Tag: Kelly Demo

Mar 11 2009

Finding our voice

Lenten reflection: Week 3
By Rev. Kelly Demo, CFCA preacher

In the Gospel of John, we see Jesus entering the Temple in a fury of righteous anger at the unjust practices of Temple and driving out the money changers and vendors. He knew his fellow Jews had to pay to buy Temple sacrifices. Thus, a system of commerce had been established for Temple worship that would exclude the poor who could not pay to worship. (John 2:13-22)

At CFCA, we do not get involved in the politics of the countries or local areas where we work. However, just as Jesus became a voice for the poor and took on those who would keep them subjugated so, too, when poor find they have a voice (both personally and as a community), they discover the strength to take on the powers that keep them oppressed.

In Hyderabad, India, there is a CFCA community called Church Colony. It is about half a mile from the main road, so everyone walked that unpaved distance to catch a bus or get anywhere. The women in the CFCA mothers groups went to the local officials to demand that the city pave their “road” so vehicles could get to their community and walking would be easier. The local officials agreed. Then, the mothers asked the officials to pay their community members to do the construction, instead of outside laborers. Again, they agreed. So, Church Colony got a road as well as some temporary employment.

After some time, the women returned to the officials to say that the road was great, but they needed it to be well-lit at night for safety reasons. They got their lights.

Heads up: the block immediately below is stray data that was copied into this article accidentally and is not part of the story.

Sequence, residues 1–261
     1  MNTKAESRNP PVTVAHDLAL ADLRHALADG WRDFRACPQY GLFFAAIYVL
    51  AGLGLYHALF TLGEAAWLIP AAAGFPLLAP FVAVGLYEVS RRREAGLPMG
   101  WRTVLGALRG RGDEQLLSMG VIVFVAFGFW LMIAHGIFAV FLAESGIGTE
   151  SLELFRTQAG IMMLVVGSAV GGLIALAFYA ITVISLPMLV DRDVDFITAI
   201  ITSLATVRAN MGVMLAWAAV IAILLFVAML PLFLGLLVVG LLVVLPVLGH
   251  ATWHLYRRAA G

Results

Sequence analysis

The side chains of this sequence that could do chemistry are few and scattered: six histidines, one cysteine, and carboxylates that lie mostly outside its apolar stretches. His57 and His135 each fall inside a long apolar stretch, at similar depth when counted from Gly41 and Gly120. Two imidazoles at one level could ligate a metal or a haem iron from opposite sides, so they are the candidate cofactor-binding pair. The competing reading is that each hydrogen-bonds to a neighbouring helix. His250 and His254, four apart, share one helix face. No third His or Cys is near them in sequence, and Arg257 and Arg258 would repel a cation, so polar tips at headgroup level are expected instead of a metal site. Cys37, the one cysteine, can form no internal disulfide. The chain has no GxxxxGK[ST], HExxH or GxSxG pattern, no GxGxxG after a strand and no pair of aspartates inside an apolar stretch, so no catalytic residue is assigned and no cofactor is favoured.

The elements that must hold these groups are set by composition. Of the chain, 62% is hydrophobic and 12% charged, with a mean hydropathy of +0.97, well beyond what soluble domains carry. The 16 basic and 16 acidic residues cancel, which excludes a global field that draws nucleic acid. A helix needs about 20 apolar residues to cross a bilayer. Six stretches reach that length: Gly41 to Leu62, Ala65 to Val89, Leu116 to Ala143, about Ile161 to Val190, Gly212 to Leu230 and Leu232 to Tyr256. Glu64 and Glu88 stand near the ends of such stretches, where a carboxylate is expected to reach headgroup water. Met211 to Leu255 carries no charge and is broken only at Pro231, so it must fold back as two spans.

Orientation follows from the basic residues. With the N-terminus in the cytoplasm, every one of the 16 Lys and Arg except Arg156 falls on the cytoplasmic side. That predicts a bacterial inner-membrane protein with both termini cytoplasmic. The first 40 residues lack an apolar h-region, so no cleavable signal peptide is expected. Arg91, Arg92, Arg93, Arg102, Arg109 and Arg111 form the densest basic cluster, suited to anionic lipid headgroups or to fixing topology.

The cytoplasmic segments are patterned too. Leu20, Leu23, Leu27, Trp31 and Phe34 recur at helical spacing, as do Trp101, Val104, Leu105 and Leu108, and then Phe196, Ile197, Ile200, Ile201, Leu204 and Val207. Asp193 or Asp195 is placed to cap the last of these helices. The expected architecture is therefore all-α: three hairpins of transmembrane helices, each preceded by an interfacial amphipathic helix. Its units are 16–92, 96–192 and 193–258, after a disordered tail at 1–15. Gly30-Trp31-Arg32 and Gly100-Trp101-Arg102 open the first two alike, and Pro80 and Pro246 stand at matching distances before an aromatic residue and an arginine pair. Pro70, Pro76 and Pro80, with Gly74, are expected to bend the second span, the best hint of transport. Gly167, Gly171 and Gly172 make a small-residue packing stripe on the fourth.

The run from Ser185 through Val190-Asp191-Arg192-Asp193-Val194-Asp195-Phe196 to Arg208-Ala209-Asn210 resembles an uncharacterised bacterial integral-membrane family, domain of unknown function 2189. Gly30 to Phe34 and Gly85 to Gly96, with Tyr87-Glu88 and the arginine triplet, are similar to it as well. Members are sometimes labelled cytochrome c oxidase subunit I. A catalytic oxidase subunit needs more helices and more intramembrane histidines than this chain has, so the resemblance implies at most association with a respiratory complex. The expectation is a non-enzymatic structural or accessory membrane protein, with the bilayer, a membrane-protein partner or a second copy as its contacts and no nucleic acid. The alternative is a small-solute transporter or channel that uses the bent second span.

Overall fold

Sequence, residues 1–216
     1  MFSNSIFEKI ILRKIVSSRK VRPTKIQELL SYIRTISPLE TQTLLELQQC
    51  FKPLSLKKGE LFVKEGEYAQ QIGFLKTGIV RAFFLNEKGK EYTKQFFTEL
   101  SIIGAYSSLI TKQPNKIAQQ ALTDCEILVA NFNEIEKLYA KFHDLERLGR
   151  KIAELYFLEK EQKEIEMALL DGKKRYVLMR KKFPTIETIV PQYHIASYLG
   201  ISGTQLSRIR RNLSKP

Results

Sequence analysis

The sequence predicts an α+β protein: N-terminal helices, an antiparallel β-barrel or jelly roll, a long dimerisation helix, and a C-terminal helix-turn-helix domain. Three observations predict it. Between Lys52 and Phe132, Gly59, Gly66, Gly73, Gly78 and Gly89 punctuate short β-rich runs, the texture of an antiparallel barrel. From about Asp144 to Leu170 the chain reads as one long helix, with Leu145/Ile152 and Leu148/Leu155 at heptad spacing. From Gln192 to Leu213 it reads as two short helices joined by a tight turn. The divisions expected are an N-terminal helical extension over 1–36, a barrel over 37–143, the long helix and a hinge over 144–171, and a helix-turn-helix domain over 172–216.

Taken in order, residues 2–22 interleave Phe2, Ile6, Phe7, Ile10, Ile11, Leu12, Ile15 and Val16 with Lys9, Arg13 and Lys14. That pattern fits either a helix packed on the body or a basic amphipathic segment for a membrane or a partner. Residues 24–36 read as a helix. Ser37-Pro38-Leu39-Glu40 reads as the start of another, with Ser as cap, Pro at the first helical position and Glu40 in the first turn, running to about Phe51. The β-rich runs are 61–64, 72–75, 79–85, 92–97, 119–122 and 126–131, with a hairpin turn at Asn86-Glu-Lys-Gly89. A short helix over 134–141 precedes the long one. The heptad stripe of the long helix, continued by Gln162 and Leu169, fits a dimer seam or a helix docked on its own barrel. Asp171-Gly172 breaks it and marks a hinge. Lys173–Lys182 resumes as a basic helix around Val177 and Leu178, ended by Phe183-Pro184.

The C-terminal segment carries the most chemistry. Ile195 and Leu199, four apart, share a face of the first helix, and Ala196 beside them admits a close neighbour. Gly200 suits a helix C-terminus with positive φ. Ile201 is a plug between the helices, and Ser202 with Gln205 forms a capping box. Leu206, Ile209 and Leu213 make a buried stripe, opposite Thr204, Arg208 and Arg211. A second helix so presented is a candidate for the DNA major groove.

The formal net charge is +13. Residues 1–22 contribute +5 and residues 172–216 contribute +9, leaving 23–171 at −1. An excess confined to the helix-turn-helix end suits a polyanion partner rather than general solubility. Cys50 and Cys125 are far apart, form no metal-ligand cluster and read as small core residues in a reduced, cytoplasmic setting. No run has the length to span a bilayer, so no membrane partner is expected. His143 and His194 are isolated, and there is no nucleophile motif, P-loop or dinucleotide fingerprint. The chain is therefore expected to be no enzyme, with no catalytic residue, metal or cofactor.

The women then turned their attention to water. The community only had access to water a few hours a day, but the adjacent neighborhood (which is slightly better off) had water all day, every day. The women realized that, because of the way the local roads were laid out, people from the neighboring community often used the new road the women had petitioned for.

They organized a blockade of the road, aimed at people from the neighboring community and said that they would share the use of the road if the neighboring community would share its water. Now Church Colony has water all day, too.

Sometimes making changes in society requires righteous anger, marching, protesting and turning over tables, like Jesus did in the Temple. But not always. Creative community building, tapping into gifts of the individuals in the group, and a little non-violent opposition can go a long way toward changing opinions.

Reflection questions:
1. When have you ever felt indignation or anger? Looking back, was it warranted or were there other motives?
2. What are the elements in our society that do (or should) make us angry, and what does God require of us at such times?

Watch a video about this community in India >

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Mar 4 2009

Freedom from thinking about yourself

Lenten reflection: Week two
By Rev. Kelly Demo, CFCA preacher

“Humility does not mean thinking less of yourself than of other people, nor does it mean having a low opinion of your own gifts. It means freedom from thinking about yourself at all.” -William Temple

If this is true then what on earth am I supposed to think about? In my little world how can I not think about my next meal, fret about my finances, or worry about my work, my future, my car, my marriage, my, my, my? Even some concerns about my children are really fears about my own parenting.

“If any want to become my followers, let them deny themselves and take up their cross and follow me.” (Mk.8:34)